I never knew if B. Kliban was a man or a woman, but damn if I didn't know the name, and associate it with his oh-so-distinctive cat art that was everywhere in the 1980s.
Turns out he was a man, Bernard Kliban, who died in 1990. He was only 55 when he died of a pulmonary embolism. (His widow later married Bill "David Banner" Bixby -- how's that for a 1980s connection?)

His cats were everywhere. Mugs. Greeting cards. Stationary. It was hard to go to a mall in the 1980s and not see it somewhere.

Do you remember Kliban's cat art?

Wednesday, August 10, 2011

"Dirty Dancing" Redux

Do you bring a watermelon to every party you attend and know full well that nobody puts Baby in a corner? Well, you just might be a "Dirty Dancing" fan. So what do you think about the news this week that a remake is in the offing?

From my perspective, the only saving grace to this project is the fact that original choreographer Kenny Ortega is slated to direct. Steve Spears at Stuck in the '80s and Jen Chaney at the Washington Post's Cebritology blog have a few ideas on the subject. Jen posted a poll asking what her readers think, and the last time I checked, 86 percent of respondents said it was "the worst idea I've ever heard."

Although, the remake's got its supporters, too. Original Baby Jennifer Grey said in the Wall Street Journal that she's "excited" about it.

What do you think? Does this thing have legs?

Tuesday, August 9, 2011

Clip-on koalas

Remember when clip-on koalas were all the rage? All of a sudden everyone had one of the little marsupials with the squeezy paws. I guess they were pencil add-ons or something, but we all tried to wear them on our monogrammed sweaters even though they were kind of heavy and awkward and sagged and really were an odd thing to wear on clothing.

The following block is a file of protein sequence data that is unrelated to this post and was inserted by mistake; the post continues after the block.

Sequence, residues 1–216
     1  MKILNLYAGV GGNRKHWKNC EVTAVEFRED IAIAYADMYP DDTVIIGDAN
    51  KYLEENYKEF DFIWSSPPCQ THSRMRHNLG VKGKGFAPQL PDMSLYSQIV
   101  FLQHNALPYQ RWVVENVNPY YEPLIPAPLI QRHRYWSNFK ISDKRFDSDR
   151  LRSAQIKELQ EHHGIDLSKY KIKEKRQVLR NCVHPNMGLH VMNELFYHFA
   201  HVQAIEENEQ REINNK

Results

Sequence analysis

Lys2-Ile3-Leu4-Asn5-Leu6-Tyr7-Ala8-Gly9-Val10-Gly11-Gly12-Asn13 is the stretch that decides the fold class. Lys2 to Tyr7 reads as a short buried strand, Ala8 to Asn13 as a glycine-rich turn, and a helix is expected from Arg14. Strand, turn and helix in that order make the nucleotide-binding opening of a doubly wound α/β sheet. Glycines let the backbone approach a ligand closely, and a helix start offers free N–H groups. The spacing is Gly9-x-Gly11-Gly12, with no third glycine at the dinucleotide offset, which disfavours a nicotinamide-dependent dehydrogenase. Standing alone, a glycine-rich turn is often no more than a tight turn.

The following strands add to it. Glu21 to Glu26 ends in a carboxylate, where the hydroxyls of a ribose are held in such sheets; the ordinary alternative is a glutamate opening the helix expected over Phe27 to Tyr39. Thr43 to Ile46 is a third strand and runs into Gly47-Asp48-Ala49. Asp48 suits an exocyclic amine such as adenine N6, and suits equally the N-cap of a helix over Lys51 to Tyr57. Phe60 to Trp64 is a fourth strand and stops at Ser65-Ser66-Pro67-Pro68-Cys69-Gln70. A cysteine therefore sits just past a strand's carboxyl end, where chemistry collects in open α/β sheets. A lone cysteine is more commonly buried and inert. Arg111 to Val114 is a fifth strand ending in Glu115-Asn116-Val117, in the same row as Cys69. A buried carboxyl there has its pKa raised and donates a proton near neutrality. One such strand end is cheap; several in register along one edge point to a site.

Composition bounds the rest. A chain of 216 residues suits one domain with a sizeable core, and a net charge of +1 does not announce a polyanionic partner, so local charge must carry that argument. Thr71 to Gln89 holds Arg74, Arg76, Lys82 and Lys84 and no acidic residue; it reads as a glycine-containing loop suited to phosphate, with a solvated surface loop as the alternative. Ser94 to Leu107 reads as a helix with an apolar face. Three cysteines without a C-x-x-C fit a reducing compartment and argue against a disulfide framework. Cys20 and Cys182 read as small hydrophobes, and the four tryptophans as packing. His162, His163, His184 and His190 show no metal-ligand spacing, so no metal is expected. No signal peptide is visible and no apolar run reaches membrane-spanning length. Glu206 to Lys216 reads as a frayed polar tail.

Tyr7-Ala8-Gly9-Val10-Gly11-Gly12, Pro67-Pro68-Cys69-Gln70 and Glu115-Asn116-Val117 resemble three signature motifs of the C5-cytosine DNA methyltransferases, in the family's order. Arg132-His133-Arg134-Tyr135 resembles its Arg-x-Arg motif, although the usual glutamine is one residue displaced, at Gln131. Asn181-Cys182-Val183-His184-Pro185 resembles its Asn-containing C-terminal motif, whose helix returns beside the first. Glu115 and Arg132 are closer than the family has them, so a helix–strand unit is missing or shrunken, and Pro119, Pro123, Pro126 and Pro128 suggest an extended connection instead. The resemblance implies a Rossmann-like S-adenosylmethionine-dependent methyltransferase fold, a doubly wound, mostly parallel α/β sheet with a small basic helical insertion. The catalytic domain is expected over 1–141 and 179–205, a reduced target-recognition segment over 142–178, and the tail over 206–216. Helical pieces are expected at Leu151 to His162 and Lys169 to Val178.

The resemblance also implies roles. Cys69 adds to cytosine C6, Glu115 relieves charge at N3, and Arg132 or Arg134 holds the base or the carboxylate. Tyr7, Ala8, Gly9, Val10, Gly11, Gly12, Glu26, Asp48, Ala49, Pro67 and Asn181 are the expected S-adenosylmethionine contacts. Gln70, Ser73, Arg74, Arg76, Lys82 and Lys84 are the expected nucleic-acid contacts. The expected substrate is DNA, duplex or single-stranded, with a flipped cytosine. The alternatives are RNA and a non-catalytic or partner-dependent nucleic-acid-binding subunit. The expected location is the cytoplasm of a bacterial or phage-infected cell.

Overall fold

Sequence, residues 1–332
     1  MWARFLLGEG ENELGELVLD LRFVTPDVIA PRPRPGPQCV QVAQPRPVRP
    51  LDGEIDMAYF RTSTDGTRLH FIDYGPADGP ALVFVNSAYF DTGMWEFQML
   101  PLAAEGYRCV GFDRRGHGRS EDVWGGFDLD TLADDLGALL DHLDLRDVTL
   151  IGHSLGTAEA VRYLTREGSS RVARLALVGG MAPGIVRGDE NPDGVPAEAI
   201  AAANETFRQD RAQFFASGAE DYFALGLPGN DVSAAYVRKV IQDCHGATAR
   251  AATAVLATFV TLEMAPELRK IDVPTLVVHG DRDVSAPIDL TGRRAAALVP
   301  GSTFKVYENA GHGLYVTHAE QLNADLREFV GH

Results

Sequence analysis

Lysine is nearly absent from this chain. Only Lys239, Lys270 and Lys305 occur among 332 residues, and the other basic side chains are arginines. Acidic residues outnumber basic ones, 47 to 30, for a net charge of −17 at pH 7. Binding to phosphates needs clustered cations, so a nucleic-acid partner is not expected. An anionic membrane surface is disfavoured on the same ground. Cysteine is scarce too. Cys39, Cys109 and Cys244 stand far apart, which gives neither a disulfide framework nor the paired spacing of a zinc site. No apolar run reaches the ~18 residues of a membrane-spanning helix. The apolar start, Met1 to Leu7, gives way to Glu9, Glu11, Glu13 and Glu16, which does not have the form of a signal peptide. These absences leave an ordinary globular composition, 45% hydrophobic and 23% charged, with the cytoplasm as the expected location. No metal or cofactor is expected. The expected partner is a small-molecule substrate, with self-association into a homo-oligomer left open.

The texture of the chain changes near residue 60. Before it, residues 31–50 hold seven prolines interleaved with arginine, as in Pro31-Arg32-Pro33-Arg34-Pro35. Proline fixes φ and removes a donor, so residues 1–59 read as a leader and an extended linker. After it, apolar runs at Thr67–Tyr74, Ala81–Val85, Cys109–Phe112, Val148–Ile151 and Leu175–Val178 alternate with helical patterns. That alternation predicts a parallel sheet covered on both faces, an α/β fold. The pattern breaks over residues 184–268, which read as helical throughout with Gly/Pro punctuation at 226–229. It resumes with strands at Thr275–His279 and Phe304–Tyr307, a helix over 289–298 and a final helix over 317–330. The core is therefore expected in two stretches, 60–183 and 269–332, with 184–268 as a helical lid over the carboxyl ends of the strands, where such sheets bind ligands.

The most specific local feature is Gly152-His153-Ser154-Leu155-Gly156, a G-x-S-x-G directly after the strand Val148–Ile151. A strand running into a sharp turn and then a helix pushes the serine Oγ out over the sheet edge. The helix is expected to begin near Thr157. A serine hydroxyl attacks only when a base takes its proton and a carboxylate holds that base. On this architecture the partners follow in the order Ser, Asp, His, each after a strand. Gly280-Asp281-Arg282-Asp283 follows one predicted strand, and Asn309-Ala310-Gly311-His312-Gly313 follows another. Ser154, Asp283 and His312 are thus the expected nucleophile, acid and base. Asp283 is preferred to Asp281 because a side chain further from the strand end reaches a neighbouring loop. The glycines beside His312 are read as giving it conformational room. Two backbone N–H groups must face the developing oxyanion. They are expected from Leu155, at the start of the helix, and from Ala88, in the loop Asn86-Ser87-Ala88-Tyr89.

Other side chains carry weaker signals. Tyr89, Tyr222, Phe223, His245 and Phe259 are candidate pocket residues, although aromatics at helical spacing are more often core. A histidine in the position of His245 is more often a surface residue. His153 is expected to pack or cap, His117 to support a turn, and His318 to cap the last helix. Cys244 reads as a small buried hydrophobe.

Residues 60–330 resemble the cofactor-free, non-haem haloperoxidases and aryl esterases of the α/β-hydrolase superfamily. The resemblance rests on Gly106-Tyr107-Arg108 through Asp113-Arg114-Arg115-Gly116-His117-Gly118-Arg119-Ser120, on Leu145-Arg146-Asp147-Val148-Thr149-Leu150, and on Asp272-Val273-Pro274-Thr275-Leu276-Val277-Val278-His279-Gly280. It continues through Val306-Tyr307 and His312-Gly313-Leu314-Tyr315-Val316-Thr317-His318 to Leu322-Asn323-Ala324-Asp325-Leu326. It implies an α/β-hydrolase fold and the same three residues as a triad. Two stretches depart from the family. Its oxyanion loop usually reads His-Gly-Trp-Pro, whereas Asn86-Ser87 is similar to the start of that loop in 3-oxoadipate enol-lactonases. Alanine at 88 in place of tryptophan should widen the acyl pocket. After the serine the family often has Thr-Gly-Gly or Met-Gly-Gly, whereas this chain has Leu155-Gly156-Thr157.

In my mind, I think this sprung from the 1980s fascination we Americans had with Australia (Olivia Newton-John! Men at Work! Crocodile Dundee!) but I suppose it could have just been a coincidence.

Did you have a clip-on koala? Did you try to wear it? They still sell 'em.

Friday, August 5, 2011

Funky Food Friday: Buc Wheats cereal

Do you remember Buc Wheats cereal? Not to be confused with Buckwheat from the Little Rascals, or the Eddie Murphy version from "SNL.' They were wheat flakes with kind of a sweet mapley taste.

As far as we know (and that teeny Wikipedia entry is no help), they were a pure Gen Xer food, existing only in the 1970s and 1980s. Must not have sold well enough, as they vanished before the '90s.

The commercial hypes them as "the only maple flavored cereal flakes." Perhaps there just wasn't enough call for that, or maybe people were secretly pouring Aunt Jemima on their Wheaties, and that was just fine for them. Or maybe, as the first comment on the YouTube commecial suggests, they were awful. But others loved them and are begging General Mills for their return.

Maybe it was the name. I mean, have you ever had buckwheat flour? Disgusting! My friend's dad bought a giant bag of it in Europe in the 1980s and had these elaborate plans of making his kids buckwheat pancakes every weekend, but his four girls and their mom all rebelled. The dad halfheartedly made them for himself a few times, and then I think eventually threw the bag away.

Thursday, August 4, 2011

Sticker mania

We just started following My80sChildhood on Twitter, and she shared these Flickr links to her 1980s sticker book.
Some really awesome stickers here. Trend (the round scented ones) were my favorite, but I remember so many of these. For some reason (colorful?), gumball machines and rainbows were popular topics. So were unicorns and kittens.

Do you remember any other popular trends in stickerdom? Which ones did you go for?

Wednesday, August 3, 2011

The Groovie Goolies

We can just imagine the pitch meeting at the movie studio: "We'll, people love the classic Universal monsters, so why wouldn't they love a cartoon where they're a rock group?"